Mathematics is a subject that has had its ups and downs. One single problem can generate high levels of curiosity or anxiety. So, in the age of unlimited access to technology, how do we teach our students modern learning skills with an understanding of mathematical concepts? Enter Sphero.
In late 2016, I was introduced to these robots for use in a junior maths class. I saw the benefits of using them in senior maths classes. I bought four … and the rest is history.
Last year, we used these robots to assess the following standards in Level 1 Mathematics:
Linear Algebra: Students measured the speeds of robots with various speeds and starting positions. They drew graphs in Desmos and discussed the outcomes of the race.
Right Angled Triangles: Students had to program the robot to travel from the year of their birth to the month, date and back to the year using trigonometry and bearings.
Number and Measurement: After buying household materials from the Maths shop students needed to construct a sphero chariot to deliver 100 marbles in the shortest time possible.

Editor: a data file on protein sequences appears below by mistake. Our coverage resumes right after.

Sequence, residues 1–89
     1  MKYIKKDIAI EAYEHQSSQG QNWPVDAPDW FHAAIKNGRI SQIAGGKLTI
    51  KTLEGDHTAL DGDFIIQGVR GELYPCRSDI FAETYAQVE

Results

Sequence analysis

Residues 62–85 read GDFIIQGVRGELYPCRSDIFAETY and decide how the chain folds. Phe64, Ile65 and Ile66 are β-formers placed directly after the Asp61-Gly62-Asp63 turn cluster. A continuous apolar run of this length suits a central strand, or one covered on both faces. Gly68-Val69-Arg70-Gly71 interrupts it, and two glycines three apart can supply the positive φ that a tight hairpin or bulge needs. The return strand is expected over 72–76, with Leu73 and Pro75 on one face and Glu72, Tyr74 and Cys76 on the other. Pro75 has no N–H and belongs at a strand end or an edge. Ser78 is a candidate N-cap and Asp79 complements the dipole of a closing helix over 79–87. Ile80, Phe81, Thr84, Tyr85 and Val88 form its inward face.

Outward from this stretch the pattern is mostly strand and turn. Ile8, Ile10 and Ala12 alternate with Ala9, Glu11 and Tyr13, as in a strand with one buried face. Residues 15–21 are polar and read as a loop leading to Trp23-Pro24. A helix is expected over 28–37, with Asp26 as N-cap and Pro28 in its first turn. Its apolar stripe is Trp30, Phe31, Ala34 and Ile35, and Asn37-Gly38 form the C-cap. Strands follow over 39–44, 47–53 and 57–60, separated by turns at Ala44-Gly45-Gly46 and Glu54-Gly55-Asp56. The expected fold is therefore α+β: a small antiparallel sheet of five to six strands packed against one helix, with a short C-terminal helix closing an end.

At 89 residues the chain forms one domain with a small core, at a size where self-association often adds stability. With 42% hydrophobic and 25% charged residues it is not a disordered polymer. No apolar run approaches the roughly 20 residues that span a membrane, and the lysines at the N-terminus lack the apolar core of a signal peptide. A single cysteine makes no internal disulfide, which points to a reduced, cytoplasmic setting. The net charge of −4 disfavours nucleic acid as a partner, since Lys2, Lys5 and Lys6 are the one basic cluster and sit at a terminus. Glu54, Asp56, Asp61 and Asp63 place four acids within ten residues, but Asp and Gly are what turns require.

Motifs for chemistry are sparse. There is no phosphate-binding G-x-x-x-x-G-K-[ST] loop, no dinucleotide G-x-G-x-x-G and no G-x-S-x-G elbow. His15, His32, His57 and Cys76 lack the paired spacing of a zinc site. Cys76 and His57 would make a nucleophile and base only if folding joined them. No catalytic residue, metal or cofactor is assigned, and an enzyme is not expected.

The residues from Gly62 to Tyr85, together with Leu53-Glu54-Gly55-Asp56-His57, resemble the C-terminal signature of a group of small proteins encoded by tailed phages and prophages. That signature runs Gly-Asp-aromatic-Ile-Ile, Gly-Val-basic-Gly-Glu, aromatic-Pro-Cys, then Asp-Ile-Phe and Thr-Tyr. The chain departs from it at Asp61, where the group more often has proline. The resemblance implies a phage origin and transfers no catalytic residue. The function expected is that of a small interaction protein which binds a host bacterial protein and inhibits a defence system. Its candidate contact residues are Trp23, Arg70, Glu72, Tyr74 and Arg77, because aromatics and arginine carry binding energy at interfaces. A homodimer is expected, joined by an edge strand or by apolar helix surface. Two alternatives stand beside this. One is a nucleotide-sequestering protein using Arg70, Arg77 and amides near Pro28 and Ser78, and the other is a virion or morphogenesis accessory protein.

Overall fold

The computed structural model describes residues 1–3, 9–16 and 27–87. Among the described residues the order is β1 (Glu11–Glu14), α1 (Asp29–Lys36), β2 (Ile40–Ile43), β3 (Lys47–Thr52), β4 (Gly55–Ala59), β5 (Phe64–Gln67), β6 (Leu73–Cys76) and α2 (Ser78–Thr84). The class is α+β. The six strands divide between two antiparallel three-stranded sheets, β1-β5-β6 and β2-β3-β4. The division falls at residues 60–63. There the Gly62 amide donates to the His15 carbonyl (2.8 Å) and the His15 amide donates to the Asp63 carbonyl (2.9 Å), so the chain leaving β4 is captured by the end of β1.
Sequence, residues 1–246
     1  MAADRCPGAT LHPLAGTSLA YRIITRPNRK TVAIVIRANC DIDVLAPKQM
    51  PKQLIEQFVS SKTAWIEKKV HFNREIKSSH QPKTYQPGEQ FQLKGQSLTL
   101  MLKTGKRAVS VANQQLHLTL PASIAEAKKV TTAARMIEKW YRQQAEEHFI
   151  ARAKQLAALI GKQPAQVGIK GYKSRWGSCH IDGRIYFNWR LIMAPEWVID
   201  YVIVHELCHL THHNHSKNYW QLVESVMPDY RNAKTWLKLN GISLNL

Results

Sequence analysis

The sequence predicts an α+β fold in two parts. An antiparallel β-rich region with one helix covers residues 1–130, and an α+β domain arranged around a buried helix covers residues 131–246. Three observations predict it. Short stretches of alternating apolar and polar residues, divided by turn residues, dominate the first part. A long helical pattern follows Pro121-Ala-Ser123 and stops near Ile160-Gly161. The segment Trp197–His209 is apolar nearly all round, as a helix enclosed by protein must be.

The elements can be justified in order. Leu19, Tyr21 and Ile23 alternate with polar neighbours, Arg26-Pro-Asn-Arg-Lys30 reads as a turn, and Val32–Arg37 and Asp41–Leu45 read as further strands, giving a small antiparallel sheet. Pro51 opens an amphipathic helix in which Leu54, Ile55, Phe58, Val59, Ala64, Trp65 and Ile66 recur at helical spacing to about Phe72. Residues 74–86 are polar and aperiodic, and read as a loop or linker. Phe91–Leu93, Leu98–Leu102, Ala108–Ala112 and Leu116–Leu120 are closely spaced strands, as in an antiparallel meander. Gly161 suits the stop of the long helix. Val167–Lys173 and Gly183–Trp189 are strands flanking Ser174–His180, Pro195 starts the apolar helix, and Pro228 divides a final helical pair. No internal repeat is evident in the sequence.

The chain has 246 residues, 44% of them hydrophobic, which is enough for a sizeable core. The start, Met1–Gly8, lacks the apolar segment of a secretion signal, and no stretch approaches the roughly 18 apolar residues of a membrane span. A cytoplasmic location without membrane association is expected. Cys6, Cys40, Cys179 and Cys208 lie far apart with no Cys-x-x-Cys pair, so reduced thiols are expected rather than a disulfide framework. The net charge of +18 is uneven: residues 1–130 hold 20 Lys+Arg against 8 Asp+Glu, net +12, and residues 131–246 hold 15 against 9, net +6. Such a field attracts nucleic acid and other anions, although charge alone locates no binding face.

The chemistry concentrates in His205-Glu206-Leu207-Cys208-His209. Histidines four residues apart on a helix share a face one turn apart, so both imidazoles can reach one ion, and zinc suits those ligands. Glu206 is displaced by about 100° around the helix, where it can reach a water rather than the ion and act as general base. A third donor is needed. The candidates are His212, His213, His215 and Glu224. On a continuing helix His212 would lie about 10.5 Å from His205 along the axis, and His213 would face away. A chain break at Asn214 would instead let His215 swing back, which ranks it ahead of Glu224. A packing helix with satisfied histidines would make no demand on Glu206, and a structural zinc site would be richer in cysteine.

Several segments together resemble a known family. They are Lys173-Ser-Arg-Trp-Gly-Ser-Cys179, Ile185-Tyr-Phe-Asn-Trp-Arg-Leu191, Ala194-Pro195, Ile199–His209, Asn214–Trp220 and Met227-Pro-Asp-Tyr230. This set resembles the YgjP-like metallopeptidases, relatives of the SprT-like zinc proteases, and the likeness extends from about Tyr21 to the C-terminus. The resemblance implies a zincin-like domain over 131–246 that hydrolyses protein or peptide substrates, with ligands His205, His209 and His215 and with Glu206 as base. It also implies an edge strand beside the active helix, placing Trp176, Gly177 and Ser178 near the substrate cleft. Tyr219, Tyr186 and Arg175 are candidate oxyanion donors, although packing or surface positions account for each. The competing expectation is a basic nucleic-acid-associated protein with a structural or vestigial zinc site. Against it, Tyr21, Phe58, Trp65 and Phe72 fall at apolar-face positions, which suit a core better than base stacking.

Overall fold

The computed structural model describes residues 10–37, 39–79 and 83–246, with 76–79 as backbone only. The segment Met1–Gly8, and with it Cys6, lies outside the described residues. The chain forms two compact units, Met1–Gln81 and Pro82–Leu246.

Bivariate Data: They had to navigate a robot to investigate the relationship between the number of obstacles and time it took the robot to complete the course.
Traditionally assessments in maths have been closed book tests. With the use of these robots, we used students’ NSN numbers to randomise each assessment and thus create unique assessments for each when they were ready.
The tasks that used Sphero robots increased engagement levels. Feedback from students at the end of 2017 revealed that right-angled triangles were the most challenging topic they found and coincidently, it was the one they enjoyed the most as well.
With the success of integrating these robots in our courses, we are looking at developing resources which use these robots in Level 2 Maths standards and Level 3 Calculus standards.
By Subash Chandar K, Curriculum Leader of Mathematics and Statistics, Ormiston Senior College, Auckland.